When you’ve been a member of a gym for a while, you start to see certain trends.

One of those is the wave of newcomers that come in every year after the Christmas holidays, sporting spiffy new workout gear and crowding the treadmills, ellipticals and other machines.

Then, a few months later — maybe not even that long — many or most of those newcomers start to slowly fade away, never to be seen again.


Who knows?

Maybe they just lost their motivation. Maybe their expectations were too high (“Man, this stuff ain’t working!”)

Staying motivated to work out consistently and long enough to see positive results can be a challenge, not only for those newcomers but for us old-comers, as well.

So how to stay motivated?

One way is to set S.M.A.R.T. goals (specific, measurable, achievable, realistic, time-bound).

For instance, instead of setting a goal to lose weight, be more Specific. How much weight do you want to lose? Twenty pounds? OK, there you go. More specific.

Measurable: pretty simple on this one. You’ll be able to measure your goal by stepping on the scales, right?

Achievable: now, losing 20 pounds is a Specific goal. But how can you make it more Achievable and Realistic? How about breaking that down into smaller goals? A good rule of thumb for achievable weight loss is 1 to 2 pounds a week. So … how about making your goal to lose 20 pounds in 10 weeks. That takes care of the last part, which is Time-bound.

So that’s a SMART goal. Instead of a vague, I wanna lose weight, you have I want to lose 20 pounds in 10 weeks, which comes to an average two pounds a week. That way, you can keep track of your progress each week, and the idea maybe doesn’t seem as daunting. A little easier to achieve.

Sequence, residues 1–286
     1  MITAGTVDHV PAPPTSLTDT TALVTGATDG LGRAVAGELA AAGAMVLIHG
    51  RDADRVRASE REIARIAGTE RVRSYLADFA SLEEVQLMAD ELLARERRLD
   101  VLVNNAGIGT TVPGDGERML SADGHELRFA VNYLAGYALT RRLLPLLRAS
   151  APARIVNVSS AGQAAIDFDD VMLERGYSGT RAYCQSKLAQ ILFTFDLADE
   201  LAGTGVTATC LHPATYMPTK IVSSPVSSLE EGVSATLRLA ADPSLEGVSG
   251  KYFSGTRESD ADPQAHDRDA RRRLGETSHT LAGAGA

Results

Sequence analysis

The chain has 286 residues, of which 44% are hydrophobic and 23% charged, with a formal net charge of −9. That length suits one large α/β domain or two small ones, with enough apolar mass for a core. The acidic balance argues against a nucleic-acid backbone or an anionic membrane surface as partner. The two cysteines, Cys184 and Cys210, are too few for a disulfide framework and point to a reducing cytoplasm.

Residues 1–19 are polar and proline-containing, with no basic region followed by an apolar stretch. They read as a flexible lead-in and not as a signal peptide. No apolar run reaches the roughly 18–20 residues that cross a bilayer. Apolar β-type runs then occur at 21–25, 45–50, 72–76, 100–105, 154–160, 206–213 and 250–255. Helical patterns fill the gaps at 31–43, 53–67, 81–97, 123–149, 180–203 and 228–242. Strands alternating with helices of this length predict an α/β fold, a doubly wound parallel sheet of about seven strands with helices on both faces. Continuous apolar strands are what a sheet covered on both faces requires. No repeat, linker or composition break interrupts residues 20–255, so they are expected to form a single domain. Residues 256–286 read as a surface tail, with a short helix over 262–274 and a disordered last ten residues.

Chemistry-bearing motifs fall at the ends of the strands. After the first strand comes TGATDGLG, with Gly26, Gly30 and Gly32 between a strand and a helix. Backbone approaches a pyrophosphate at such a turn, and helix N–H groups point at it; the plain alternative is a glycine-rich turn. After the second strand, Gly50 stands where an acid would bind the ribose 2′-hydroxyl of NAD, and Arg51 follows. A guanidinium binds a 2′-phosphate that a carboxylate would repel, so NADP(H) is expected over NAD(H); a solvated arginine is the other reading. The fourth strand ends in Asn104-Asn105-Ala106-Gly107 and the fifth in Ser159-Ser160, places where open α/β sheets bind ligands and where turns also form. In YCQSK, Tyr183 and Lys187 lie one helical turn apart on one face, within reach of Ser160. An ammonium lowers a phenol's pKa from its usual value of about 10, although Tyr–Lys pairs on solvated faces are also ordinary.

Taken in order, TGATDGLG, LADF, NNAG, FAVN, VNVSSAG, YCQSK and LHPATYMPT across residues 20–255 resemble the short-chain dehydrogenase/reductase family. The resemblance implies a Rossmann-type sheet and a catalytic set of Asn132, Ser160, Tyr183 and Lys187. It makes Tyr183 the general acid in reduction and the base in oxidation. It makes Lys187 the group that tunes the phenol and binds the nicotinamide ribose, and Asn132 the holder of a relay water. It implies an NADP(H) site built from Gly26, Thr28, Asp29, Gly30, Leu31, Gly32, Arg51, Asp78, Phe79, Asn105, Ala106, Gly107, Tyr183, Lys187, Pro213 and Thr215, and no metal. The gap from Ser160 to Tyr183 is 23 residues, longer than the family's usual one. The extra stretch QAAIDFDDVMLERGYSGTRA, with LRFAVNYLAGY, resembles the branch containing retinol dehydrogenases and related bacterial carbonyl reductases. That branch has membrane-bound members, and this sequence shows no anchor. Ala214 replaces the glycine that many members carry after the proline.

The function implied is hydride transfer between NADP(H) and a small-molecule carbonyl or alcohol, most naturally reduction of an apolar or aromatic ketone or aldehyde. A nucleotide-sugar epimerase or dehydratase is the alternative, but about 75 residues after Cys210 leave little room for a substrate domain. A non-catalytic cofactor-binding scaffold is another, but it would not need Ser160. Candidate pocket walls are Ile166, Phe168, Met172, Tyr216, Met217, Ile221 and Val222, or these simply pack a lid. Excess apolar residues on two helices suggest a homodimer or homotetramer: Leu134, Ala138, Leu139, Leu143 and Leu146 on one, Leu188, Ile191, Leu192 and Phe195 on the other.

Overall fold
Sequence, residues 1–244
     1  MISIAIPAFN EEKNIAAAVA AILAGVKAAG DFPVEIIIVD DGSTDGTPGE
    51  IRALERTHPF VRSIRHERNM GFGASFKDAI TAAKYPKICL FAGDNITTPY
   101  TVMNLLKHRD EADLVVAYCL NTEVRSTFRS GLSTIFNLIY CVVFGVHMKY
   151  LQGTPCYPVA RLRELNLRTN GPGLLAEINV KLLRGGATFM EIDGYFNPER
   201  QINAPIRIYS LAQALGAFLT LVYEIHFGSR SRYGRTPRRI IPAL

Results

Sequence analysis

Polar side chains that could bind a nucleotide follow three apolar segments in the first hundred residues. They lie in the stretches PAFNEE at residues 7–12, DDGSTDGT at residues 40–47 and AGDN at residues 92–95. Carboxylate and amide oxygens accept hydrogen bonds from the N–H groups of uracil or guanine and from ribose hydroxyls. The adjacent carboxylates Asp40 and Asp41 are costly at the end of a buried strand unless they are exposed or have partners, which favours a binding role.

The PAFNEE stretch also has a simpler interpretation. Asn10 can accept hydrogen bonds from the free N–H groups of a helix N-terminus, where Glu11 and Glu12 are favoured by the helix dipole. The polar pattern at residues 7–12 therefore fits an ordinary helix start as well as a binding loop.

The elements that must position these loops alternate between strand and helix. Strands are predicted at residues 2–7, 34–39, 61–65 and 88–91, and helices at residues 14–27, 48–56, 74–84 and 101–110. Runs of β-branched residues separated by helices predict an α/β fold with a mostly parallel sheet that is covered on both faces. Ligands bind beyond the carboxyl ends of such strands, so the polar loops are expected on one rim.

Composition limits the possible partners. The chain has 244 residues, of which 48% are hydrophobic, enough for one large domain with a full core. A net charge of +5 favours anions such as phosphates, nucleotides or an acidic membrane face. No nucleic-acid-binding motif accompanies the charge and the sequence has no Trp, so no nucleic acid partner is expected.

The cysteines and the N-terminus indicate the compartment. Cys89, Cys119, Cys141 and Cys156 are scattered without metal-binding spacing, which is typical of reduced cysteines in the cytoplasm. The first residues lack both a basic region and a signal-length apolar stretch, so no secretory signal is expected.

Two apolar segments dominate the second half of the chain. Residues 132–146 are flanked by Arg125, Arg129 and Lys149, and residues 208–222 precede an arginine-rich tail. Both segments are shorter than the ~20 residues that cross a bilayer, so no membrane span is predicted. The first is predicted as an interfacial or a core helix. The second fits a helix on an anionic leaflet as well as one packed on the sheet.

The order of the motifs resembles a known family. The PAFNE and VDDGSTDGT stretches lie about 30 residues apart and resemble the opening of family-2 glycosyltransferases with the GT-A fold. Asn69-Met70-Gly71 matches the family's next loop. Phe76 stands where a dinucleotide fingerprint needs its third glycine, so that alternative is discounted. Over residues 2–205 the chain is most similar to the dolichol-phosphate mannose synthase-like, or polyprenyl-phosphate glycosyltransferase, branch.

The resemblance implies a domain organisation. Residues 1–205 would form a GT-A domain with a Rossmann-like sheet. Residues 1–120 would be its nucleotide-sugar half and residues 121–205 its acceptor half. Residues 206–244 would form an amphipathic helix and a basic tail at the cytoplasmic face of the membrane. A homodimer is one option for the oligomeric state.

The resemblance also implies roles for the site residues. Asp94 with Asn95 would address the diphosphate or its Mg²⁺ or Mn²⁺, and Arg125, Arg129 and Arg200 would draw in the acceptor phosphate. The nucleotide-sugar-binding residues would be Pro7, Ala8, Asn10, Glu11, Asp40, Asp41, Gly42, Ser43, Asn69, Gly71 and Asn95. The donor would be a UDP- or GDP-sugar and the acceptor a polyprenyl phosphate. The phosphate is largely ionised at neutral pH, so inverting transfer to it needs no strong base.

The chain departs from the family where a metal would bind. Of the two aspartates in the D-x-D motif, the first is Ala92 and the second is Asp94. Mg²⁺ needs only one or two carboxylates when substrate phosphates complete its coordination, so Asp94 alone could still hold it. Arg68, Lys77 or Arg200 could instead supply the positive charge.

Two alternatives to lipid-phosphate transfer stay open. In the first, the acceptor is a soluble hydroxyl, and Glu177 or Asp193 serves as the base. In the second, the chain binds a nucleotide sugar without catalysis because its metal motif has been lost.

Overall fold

Also, don’t be too hard on yourself, if you come up short at times. You’re in it for the long haul, right?

Ten weeks overall.

And if you miss the mark, it’s OK. Maybe you lose 15 pounds in 10 weeks.

Congratulations, man!!!

Surely you’re gonna be happy about that!!!

And now that you’re proven to yourself that sticking with it really does get results, hopefully you’ll keep on keeping on. By now, you’ll probably have formed a new exercise habit.

One other thing that can help is this: figure out your WHY.

WHY do you want to start (and keep) exercising?

What is the big reason.

Not just to be healthier, or to lose weight, to get in shape, or whatever.

Dig a little deeper than that. WHY do you really want to be healthier, lose weight, get in shape.

For me, there are two big WHYs:

I want to get as good at pole vaulting as I possibly can. To do that, I need to be in as good a shape as I possibly can get.

Also, I want to hold off Father Time as long as possible. I want to stay fit and strong as long as I’m breathing air. I want to maintain my independence to the very end.

So there you go.

If you’re already a regular exerciser, that’s fantastic. I’m proud of you. If you find your motivation waning, remember, SMART goals and do you know your WHY?

And by the way, SMART goals work for pretty much anything. It doesn’t necessarily have to do anything with exercise.

Do you have a dream?

What is it?

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